More generally, that’s the great weakness of every government. The notion that the leaders of a nation exercise power is a convenient but misleading shorthand for a much more complex process, in which power is actually wielded by thousands of ordinary soldiers, police officers, minor officials, and the like, in obedience to dictates that come cascading down the chain of command through any number of intermediaries. If anything happens to the willingness of those thousands to follow orders, or to the ability or willingness of the chain of command to function, the apparent power of the leadership can evaporate like frost on a sunny morning. Whenever a government collapses, if it’s not simply thrown out by some other nation’s invading troops, that’s far more often than not the way that it goes.
Some of my readers will doubtless be objecting by this point that it would have been just as possible for me to put together a different set of historical analogies and tell a different story of the way that America’s global empire, and America itself, went to pieces. That’s exactly the point I hoped to make. The narrative presented in October’s posts, as I explained at the time, is not my idea of the way that the American empire will fall; it’s simply an account of one way that the American empire could fall, and its details were chosen to outline some of the most serious fault lines running through that empire and the society that the empire supports.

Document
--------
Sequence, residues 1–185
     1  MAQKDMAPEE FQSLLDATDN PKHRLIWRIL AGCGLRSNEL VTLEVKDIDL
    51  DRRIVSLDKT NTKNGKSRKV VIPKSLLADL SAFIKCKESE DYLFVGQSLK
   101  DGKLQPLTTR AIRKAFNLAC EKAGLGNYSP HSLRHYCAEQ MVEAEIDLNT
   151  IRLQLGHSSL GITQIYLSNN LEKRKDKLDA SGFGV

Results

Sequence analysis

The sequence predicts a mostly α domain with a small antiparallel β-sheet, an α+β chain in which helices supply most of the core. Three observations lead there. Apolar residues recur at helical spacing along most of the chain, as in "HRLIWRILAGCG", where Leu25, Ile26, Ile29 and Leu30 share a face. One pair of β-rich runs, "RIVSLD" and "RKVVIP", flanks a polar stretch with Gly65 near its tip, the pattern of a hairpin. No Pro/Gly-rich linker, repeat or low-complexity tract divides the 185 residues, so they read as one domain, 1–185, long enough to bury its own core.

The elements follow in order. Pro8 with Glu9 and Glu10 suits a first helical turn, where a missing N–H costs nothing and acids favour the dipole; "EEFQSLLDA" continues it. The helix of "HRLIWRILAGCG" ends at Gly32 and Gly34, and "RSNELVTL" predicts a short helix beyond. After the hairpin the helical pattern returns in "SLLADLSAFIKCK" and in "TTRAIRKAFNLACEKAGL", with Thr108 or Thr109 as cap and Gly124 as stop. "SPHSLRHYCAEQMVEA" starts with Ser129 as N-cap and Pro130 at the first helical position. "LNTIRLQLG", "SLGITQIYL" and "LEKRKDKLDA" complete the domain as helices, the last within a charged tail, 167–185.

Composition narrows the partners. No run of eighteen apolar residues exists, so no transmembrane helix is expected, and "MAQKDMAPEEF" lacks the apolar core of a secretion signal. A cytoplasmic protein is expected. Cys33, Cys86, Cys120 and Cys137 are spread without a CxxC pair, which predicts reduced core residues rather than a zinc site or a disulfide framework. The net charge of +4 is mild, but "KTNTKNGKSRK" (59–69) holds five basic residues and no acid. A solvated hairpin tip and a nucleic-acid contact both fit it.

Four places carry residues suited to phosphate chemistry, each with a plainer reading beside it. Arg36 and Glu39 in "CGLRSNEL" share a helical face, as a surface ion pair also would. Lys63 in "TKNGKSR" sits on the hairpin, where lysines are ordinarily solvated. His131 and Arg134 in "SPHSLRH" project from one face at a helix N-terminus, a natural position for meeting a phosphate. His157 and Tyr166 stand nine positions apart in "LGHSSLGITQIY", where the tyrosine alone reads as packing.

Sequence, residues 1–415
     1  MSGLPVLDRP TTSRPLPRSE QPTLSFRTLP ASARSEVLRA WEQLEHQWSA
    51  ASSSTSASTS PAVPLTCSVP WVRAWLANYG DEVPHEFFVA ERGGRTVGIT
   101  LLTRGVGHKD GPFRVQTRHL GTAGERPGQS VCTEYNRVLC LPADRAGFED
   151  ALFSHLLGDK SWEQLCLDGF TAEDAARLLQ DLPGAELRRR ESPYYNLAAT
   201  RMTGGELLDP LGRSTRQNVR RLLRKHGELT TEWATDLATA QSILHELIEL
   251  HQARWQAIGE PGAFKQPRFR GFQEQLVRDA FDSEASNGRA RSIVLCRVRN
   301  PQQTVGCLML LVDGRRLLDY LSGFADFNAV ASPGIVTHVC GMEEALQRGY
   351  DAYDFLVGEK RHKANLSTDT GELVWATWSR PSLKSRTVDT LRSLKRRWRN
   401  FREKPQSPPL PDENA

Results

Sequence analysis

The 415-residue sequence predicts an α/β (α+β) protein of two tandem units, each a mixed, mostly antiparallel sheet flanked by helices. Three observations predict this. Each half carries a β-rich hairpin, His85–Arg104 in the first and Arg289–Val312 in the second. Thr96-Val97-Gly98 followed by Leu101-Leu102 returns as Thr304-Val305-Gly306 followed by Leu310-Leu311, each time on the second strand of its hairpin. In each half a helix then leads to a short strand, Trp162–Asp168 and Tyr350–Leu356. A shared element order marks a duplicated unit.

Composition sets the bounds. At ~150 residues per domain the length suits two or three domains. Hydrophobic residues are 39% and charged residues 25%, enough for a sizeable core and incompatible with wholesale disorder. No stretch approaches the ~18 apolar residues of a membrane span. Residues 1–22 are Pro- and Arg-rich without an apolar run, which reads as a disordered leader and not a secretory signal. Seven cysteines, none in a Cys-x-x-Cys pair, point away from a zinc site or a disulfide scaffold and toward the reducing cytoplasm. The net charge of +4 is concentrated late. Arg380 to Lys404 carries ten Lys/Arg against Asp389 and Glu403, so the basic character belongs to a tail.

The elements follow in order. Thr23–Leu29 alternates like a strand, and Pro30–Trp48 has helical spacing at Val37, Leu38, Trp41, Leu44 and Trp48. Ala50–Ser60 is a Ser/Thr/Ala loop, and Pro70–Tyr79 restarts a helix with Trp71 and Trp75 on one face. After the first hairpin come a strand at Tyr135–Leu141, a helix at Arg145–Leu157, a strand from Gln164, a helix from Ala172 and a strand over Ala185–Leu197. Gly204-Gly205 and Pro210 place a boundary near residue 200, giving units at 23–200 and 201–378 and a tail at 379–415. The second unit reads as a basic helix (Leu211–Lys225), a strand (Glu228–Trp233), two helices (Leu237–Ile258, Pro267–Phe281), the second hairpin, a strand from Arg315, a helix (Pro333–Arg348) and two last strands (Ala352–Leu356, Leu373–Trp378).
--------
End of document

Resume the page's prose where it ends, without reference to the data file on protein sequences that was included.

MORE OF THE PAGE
Of course the end of America’s global empire could happen in some other way. The utter failure of the political process might bring about a collapse of constitutional government at the hands of some charismatic demagogue or other; we could see a sustained insurgency break out in any of half a dozen parts of the country, shredding the economy and forcing the government to bring the troops home from overseas; a military failure of the sort I’ve outlined, instead of triggering the rush to dissolution, could usher in a long era of national retrenchment and reassessment, in which America’s once-traditional isolationism reasserts itself and George Washington’s advice about avoiding foreign entanglements once again becomes the centerpiece of the nation’s policy. I chose a relatively untraumatic option, in large part because so many people seem to find it impossible to remember that plenty of large, heavily armed nation-states down through the years have collapsed in one way or another without dissolving into civil war or assaulting the rest of the planet; still, there’s no guarantee that this will be the way that things work out. There are many options as we approach the post-American future.